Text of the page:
Step 10: Click on the Model Merge layer again to make it the active layer. Go to Select>Subject and let Photo­shop work some AI magic in attempting to select just the girl. Then go to Select>Select and Mask to launch that workspace. Set the View Mode to On White (T) with the Opacity at 100%. Use the Quick Selection tool with the Add and Subtract modes to make sure the girl is fully selected, and no other areas are visible. Then click on the Refine Hair button to let Photo­shop create a better selection around her hair.

Finally, if there’s a black outline around her sweater, pull back on the Shift Edge slider in the Global Refinements section by 1–2% (so it’s a negative amount) until it disappears. After all that, be sure the Output To drop-down menu in the Output Settings is set to Layer Mask and click OK. 

Step 11: Now let’s place a background image. If you’d like to download the low-res watermarked version of this image to follow along, click this link, log in with your Adobe ID, and click the Save to Library button. Drag the image from your Libraries panel (Window>Libraries) into the working file, and then drag it beneath the masked Model Merge layer. Press Command-T (PC: Ctrl-T) for Free Transform, and then Right-click inside the bounding box and select Flip Horizontal. Scale the image up as shown here, and press Enter.

Then go to Image>Adjustments>Hue/Saturation and reduce the Saturation to –48. Then go to Filter>Blur>Gaussian Blur and use a Radius of 5.0 Pixels. Click OK. 

Step 12: At this point, zoom in and carefully inspect the edges of the masked layer to check for any bleed through or inconsistencies. Either correct problem areas by hand-painting on the mask with the Brush tool (black conceals and white reveals), or return to the Select and Mask workspace to make larger adjustments. 

Step 13: The model is a bit warm in color for such a cold scene. Make sure the Model Merge layer thumbnail is the active focus (not the layer mask) and go to Image>Adjustments>Photo Filter. Choose the Cooling Filter (LBB), reduce the Density to 10%, and click OK.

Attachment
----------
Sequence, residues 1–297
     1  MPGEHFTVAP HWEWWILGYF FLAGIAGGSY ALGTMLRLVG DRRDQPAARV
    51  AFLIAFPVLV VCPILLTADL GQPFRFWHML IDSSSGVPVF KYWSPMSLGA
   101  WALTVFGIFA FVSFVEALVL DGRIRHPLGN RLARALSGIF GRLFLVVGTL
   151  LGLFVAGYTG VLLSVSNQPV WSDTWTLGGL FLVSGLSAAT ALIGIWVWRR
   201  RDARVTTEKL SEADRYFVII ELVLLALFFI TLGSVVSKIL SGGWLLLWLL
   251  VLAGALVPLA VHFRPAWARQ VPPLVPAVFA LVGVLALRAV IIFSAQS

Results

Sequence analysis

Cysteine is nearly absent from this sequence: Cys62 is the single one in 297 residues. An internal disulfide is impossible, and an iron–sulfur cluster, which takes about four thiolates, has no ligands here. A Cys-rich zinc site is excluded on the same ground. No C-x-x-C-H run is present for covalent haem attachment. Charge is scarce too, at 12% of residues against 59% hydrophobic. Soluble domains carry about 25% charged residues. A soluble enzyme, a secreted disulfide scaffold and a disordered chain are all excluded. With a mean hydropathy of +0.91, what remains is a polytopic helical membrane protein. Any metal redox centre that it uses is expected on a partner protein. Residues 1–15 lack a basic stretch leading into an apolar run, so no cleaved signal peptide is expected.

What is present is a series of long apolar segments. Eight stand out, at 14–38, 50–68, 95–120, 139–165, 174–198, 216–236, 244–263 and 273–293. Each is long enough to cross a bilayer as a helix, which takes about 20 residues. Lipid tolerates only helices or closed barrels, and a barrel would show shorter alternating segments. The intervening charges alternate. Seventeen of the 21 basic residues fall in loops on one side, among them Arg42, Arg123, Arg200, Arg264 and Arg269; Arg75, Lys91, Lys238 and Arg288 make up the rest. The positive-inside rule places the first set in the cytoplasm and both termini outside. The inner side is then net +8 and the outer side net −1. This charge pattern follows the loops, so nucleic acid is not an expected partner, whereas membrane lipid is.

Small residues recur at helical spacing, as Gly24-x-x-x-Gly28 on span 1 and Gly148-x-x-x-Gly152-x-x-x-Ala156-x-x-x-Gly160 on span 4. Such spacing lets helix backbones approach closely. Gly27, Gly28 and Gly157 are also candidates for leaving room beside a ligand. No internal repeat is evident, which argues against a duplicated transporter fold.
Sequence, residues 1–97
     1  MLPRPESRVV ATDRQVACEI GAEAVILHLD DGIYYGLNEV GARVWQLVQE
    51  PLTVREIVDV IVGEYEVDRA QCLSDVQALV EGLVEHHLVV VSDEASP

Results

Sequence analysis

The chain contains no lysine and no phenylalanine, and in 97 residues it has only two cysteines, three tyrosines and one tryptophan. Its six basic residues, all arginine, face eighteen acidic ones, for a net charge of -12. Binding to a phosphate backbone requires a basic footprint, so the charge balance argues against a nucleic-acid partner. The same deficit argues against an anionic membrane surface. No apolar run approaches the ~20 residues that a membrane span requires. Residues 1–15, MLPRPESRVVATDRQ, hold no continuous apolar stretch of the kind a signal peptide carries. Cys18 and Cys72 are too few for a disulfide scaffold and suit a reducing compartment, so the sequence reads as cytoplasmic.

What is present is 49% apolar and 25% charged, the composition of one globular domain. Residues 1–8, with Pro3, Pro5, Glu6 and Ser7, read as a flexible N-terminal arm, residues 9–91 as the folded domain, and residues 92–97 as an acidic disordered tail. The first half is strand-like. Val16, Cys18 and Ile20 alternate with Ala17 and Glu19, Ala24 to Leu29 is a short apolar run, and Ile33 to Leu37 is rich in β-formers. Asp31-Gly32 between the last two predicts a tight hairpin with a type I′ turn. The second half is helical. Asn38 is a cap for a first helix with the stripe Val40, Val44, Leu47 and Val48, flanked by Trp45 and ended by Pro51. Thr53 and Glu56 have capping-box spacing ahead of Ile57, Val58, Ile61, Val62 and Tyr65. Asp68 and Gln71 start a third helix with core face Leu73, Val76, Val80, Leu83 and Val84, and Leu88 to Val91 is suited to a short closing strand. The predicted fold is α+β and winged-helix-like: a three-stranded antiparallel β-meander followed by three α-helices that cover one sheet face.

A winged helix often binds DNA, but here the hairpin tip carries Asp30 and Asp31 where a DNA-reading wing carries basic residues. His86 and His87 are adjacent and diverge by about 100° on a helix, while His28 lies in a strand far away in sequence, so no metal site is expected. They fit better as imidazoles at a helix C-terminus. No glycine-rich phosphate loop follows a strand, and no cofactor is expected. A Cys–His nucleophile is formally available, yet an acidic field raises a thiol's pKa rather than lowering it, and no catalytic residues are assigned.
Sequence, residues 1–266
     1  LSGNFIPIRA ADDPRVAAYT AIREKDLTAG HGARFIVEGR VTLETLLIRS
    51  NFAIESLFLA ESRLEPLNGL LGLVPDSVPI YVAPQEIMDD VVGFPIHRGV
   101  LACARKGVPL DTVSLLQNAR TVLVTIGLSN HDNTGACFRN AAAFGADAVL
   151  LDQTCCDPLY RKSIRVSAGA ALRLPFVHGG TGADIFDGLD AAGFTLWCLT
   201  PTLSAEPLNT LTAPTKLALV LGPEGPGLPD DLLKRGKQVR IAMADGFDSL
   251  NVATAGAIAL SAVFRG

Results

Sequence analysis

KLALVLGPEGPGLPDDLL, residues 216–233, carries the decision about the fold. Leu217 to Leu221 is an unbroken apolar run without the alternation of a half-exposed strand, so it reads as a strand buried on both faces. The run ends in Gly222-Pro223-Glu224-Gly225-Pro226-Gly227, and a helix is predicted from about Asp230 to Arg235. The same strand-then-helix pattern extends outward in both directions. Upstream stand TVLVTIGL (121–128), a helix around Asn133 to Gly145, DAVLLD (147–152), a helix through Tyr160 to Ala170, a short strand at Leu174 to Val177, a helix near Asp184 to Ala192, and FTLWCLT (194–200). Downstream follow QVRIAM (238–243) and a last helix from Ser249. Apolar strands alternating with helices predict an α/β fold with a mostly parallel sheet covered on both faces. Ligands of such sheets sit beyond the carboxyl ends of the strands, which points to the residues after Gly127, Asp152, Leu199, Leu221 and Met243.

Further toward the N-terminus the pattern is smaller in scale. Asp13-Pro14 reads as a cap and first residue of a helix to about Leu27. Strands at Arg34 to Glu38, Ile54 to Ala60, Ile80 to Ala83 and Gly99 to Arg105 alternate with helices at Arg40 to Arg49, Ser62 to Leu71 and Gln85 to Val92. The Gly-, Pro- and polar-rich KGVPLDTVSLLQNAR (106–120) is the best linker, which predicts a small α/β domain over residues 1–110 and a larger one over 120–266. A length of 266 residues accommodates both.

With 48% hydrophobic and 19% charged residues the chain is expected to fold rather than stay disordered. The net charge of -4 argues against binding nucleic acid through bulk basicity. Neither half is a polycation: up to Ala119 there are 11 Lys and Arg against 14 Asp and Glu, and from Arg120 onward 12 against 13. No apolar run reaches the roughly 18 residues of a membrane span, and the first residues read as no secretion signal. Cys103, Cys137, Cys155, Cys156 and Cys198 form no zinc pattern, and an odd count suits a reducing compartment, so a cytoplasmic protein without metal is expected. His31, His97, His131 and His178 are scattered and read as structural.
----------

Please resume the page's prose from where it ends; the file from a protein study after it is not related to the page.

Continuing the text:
Step 14: Remember that hidden Flakes layer? Now is the time to reveal it! Set its layer blending mode to Screen to knock out all the black pixels. Then, add a black-filled layer mask to this layer (remember this is done by holding down the Option [PC: Alt] key when adding the mask). Use the Soft Round brush again with white paint on the mask to reveal the cloud of blowing snowflakes. 

Step 15: Duplicate the Flakes layer twice. Hide the top copy and use Free Transform to rotate and position the first copy so it’s angled slightly higher than the original position. This will simply help fill out the cloud of flakes blowing from her hand. If needed, touch up the mask on this layer so there’s no ghosted image of her face and hands.

Step 16: Make the second duplicate of the blowing flakes visible and active. Use Free Transform to flip it horizontally, and then position and scale it so it’s blowing back along with her hair. You can rotate it and stretch it as needed. This helps accentuate the idea that there are flakes all over the place in this wintry scene. Again, check the masking to make sure there’s no accidental ghosting of her face and hands. If the effect is too strong, reduce the layer Opacity to around 70%.

Step 17: Create another merged copy at the top of the layer stack and name it “Camera Raw.” Turn it into a smart object and run Filter>Camera Raw Filter. In the Basic panel, increase the Clarity to +30 and the Vibrance to +21. In the Effects panel, set the Grain to 19 and the Vignette to +11. Then click OK to apply the filter.

Step 18: Create another copy by using the Command-A (PC: Ctrl-A) and Command-J (PC: Ctrl-J) technique (making a selection first creates a copy of the layer without duplicating any smart filters that are attached to it). Call this new layer “Blur” and convert it to a smart object, as well. Go to Filter>Blur>Radial Blur, set the Amount to 5, and the Method to Zoom. Move the Blur Center to align with her hands, and click OK. If the center seems off, reopen the smart filter and adjust as needed. Then set the layer’s blending mode to Overlay and the Opacity to 50%. 

Add a layer mask and grab the Gradient tool (G) from the Toolbar. Click on the gradient preview in the Options Bar to open the Gradient Editor, and select the Black, White preset. Click OK to close the Gradient Editor, and select the Radial Gradient icon in the Options Bar. Start the gradient at her hands and drag it out to the bottom-right corner of the canvas to make the effect invisible at her hands and gradually appear stronger toward the edges. Then enjoy your fun wintry scene! 

The idea of borrowing techniques from practical movie effects opens up a lot of new potential for interesting digital artwork. The best lesson to learn from projects like this is to think creatively on different ways to achieve the effect you’re working toward. Be inventive and try new approaches. Even if the attempt doesn’t work well at first, you’ll still have learned from the process. That’s the best reward, to learn and grow as an artist.

This article originally published in the December, 2020 issue of Photoshop User magazine.